This work contributes to the field of material culture by demonstrating analysis of a single artifact (Independence Hall) over time, rather than taking the more customary and limited approach of focusing primarily on an artifact’s creation and original use. My work contributes to the study of public memory by delving deeply into the role of artifacts, especially buildings, in the process of remembering and forgetting aspects of the past. The work contributes to the field of public history by revealing ways in which the history of a presumably well-known public landmark has been distorted. The book demonstrates the more powerful interpretation that can be developed through a broader, deeper investigation than is typical of many historic sites.
Capital of the World: The Race to Host the United Nations (NYU Press, 2013; paperback edition 2015).
Companion website: https://www.capital-of-the-world.com
- Google E-Book Excerpt: Absolutely Not New York: Finding a Home for the United Nations (NYU Press, 2014).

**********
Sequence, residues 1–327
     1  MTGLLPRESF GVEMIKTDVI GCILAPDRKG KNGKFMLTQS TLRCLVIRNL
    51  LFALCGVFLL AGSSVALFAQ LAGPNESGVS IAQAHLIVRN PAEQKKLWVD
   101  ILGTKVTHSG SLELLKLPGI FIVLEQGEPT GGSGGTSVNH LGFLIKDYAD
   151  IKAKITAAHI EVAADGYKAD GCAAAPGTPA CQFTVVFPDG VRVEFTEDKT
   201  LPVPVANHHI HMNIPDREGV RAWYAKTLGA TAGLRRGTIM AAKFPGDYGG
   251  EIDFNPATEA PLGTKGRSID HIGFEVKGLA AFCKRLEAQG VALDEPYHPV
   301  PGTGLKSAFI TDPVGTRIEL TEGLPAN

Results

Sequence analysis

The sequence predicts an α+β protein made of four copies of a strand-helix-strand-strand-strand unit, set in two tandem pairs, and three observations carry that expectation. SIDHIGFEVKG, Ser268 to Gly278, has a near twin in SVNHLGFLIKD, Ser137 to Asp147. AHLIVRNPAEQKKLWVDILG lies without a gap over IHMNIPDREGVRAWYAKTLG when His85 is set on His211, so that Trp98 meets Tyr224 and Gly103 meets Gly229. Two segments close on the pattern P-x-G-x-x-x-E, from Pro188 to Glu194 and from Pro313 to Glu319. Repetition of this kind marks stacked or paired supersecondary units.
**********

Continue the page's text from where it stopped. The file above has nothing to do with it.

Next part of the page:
Capital of the World broadens my investigation of place and identity to national and international scale. This book is a study of the idea of creating a “capital of the world” in 1944-46 and the little-known booster competition among American cities and towns to earn the honor of becoming the site for the new United Nations headquarters. Through archival research in numerous local, state, and national repositories, as well as the United Nations Archives, this work expanded the known scope of this competition from about fifty competitors to 248 localities in the United States. The world capital hopefuls included large cities such as Chicago and San Francisco but also such seemingly isolated places as Tuskahoma, Oklahoma, and the Black Hills of South Dakota. Their booster campaigns offer wide-ranging documentation of relationships among local, national, and global identities at a pivotal moment in history, as well as an opportunity to examine the process of place-making for the imagined “capital of the world” and the eventual United Nations headquarters in New York City.